Black landowners booted in 1857 to create Central Park honored with public monument
An historic New York City village that was once home to a large Black community is finally being being recognized — several generations after it disappeared.
Seneca Village was a settlement of Black landowners that spanned 82nd and 89th streets between Seventh and Eighth avenues in Manhattan, until residents were forced out by the creation of Central Park, Curbed NY reports. The Central Park Conservancy announced Thursday that it will honor the 19th century enclave as a means to educate park visitors about the history of the site.
The non-profit will erect new signage in the park that will note where significance properties once stood, such as individual homes and churches. The signs, which will be on display through October 2020, also highlight the importance of housing, gardening, and other aspects of the village that defined everyday life of the property owners at the time.
“Seneca Village was a thriving affluent community of achieving African Americans within the horrific context of racist oppression of 19th century America,” said Karen Horry, the chair of the Subcommittee on Parks and Recreation at Manhattan Community Board 10. “This exhibit helps tell their story, which exemplifies the resilience and fortitude of the human spirit when pitted against what appear to be insurmountable odds.”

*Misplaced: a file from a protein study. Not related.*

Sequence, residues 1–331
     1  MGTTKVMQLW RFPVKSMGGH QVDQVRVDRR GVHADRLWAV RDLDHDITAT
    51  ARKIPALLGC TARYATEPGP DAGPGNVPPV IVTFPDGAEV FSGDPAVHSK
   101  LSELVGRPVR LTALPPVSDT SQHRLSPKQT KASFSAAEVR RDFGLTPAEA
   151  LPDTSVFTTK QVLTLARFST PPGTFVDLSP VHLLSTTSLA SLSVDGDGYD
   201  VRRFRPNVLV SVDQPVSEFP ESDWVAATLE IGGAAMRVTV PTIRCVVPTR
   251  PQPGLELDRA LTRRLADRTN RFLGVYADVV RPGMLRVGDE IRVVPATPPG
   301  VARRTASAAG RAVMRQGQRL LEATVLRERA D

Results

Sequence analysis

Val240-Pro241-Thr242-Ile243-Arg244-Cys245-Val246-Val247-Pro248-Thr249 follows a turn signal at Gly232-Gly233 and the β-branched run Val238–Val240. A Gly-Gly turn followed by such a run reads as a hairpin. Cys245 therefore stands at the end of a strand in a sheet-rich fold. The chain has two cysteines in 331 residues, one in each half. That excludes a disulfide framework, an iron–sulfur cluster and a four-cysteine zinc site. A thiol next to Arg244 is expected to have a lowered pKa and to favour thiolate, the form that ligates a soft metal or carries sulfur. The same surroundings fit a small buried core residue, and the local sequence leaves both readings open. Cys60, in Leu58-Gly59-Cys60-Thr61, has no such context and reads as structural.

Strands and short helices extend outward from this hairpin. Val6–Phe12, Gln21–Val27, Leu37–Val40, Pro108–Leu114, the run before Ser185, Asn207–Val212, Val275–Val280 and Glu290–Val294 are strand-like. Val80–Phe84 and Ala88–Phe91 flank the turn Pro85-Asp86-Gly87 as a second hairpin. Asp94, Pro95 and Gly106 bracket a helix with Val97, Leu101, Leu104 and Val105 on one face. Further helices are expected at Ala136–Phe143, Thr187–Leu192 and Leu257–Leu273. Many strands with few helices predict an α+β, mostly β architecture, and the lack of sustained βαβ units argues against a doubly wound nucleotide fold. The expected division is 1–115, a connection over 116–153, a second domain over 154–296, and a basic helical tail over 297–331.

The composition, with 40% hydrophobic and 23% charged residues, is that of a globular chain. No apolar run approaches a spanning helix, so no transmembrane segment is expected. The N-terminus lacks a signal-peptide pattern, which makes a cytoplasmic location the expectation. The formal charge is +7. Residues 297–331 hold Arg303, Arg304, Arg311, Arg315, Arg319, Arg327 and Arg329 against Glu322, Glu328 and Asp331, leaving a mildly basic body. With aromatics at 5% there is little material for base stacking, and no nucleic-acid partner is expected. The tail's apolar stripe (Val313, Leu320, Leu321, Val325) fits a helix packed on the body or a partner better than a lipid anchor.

Black Americans began to settle in Seneca Village around 1825, but were booted once the land was reacquired by the city through eminent domain for the construction of Central Park in 1857.
To further stress the importance of Seneca Village, a monument honoring the Lyons family will be placed nearly 20 blocks uptown from its original location in Central Park. The Lyons were Black American property owners and abolitionists who ran a boardinghouse for Black sailors that just so happened to be located a stop on the Underground Railroad.
The monument is reportedly part of New York mayor Bill de Blasio’s administration’s effort to diversify the city’s public sculptures, most of which honor white males. Since the structure won’t actually sit in Seneca Village proper, many find it “insulting.”
“It’s disrespectful and it’s insulting. And it’s so incomplete,” Jacob Morris, the director of the Harlem Historical Society, told Hyperallergic on Monday.
“The naming or honoring of a person or an organization should be connected to the life and work of the person,” he said. “They’re doing half-a-million-dollar monuments and they’re putting them together with no real thought. Where is just an important as why or who.”